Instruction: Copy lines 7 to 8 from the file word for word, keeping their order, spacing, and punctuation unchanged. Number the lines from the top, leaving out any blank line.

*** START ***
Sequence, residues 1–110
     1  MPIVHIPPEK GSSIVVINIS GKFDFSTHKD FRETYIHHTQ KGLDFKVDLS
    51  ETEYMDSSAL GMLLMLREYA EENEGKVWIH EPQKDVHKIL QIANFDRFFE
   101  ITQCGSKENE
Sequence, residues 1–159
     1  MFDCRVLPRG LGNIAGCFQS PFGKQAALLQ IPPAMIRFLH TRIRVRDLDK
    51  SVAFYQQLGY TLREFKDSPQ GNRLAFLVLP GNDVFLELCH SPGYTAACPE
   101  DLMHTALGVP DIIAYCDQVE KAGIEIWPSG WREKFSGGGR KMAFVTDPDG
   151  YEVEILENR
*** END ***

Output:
    51  SVAFYQQLGY TLREFKDSPQ GNRLAFLVLP GNDVFLELCH SPGYTAACPE
   101  DLMHTALGVP DIIAYCDQVE KAGIEIWPSG WREKFSGGGR KMAFVTDPDG